European stocks pull back after sharp global losses
European stock markets pulled back Friday after sharp losses in Asia overnight due to concerns over the prospect of high inflation and interest-rate rises that could hamper economic recovery from the coronavirus pandemic.
The dollar rose against its main rivals ahead of Congress later Friday voting on US President Joe Biden’s enormous $1.9-trillion economic rescue package.
Oil prices fell after striking 13-month peaks Thursday on keen demand.
Vaccine rollouts, slowing Covid infection rates and Biden’s stimulus package are proving to be a double-edged sword for traders as they weigh the much-needed return to pre-pandemic life with the prospect that prices could rise, possibly sharply.
There is a worry that surging inflation could threaten one of the key pillars of the rally on world markets from their March nadir — record-low borrowing costs.
Alarm bells have been ringing for weeks as the yield on benchmark 10-year US Treasuries climbed to one-year highs as investors moved out of the safehaven government bond.
“Yields have been rising for some time but have clearly accelerated recently and investors are nervous about the prospect of higher inflation and less central bank support,” Craig Erlam, market analyst at Oanda trading group, told AFP.
Yields have advanced around the world, from New Zealand and Australia to France, Germany and Japan.
Soaring US bond yields sparked a hefty overnight sell-off on Wall Street — led by the tech-heavy Nasdaq’s 3.5 percent plunge.
Asia followed suit on Friday, suffering one of its worst sessions since the dark days of last March’s collapse.
Tokyo led the way, tanking four percent, while Hong Kong, Mumbai and Taipei were more than three percent off and Seoul shed 2.8 percent.
Sydney and Shanghai also lost more than two percent.
In Europe, London, Paris and Frankfurt all tumbled more than one percent at the open, before trimming losses.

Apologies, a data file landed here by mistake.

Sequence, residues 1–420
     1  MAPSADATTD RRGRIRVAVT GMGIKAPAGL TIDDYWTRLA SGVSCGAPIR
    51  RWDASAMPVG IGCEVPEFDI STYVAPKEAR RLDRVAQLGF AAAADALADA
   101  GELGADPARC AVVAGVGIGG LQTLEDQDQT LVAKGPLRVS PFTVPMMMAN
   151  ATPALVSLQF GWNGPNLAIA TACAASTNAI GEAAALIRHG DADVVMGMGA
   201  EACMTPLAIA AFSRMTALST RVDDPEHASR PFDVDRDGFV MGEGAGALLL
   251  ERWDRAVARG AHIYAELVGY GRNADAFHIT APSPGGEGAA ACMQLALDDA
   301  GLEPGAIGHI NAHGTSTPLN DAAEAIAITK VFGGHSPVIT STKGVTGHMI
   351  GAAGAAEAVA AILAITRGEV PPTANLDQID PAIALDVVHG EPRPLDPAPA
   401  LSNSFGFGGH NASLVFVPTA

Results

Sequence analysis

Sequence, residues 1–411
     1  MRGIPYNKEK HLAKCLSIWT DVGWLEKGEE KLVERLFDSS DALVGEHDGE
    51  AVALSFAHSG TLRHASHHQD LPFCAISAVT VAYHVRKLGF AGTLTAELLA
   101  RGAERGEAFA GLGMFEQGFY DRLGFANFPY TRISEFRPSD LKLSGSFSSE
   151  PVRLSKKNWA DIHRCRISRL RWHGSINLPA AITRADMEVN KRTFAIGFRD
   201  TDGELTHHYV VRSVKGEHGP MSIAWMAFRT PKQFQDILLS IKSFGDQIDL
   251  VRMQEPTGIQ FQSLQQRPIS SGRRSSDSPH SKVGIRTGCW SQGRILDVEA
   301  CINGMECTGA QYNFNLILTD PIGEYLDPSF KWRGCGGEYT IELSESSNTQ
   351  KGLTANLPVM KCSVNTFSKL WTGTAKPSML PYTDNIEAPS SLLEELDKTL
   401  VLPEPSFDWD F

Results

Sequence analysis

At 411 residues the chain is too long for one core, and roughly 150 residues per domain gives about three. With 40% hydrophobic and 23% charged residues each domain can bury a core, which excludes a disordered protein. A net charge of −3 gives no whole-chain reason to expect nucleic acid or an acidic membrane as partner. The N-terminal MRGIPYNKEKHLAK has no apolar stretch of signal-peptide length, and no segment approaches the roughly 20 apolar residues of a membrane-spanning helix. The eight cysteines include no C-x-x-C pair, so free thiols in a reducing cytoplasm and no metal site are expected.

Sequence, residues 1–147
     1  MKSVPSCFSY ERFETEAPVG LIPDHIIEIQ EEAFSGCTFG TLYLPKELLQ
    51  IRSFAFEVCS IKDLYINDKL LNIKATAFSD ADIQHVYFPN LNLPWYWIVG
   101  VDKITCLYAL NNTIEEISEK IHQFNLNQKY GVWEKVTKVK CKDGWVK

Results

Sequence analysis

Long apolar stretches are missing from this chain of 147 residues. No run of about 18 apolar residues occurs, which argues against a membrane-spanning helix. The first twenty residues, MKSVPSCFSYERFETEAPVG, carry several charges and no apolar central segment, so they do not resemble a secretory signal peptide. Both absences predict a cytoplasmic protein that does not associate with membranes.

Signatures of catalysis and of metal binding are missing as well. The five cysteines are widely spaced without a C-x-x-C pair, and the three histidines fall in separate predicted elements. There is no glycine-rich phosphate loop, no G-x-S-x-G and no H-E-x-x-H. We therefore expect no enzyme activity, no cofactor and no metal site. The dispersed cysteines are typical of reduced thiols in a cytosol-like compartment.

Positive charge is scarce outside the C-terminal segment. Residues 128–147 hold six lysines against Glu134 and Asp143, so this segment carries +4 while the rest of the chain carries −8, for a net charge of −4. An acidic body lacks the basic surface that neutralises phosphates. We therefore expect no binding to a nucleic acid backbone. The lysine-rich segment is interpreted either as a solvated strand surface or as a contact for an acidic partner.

The global sell-off comes despite reassurances from Federal Reserve chief Jerome Powell that US interest rates will not rise for the foreseeable future.
“Investors are clearly spooked despite the best efforts of Jerome Powell,” Erlam said.
“Policymakers may be comfortable with yields rising as it reflects the view that the economy is heading for a powerful recovery, but investors are less enthusiastic,” he added.
On the corporate front and at the end of another busy earnings week, shares in European airlines giant IAG rallied four percent despite the owner of British Airways and Iberia diving into a record 6.9-billion-euro loss on Covid fallout.
Analysts said the worst could be over for the battered aviation sector.
– Key figures around 1110 GMT –
London – FTSE 100: DOWN 0.4 percent at 6,625.38 points
Frankfurt – DAX 30: DOWN 0.1 percent at 13,861.64
Paris – CAC 40: DOWN 0.3 percent at 5,765.63
EURO STOXX 50: DOWN 0.4 percent at 3,671.84
Tokyo – Nikkei 225: DOWN 4.0 percent at 28,966.01 (close)
Hong Kong – Hang Seng: DOWN 3.6 percent at 28.980.21 (close)
Shanghai – Composite: DOWN 2.1 percent at 3,509.08 (close)
New York – Dow: DOWN 1.8 percent at 31,402.01 (close Thursday)
Euro/dollar: DOWN at $1.2113 from $1.2166 at 2200 GMT
Pound/dollar: DOWN at $1.3928 from $1.4141
Euro/pound: UP at 86.98 pence from 86.04 pence
Dollar/yen: UP at 106.39 yen from 105.87 yen
Brent North Sea crude: DOWN 0.8 percent at $66.36 per barrel
West Texas Intermediate: DOWN 0.9 percent at $62.98 per barrel
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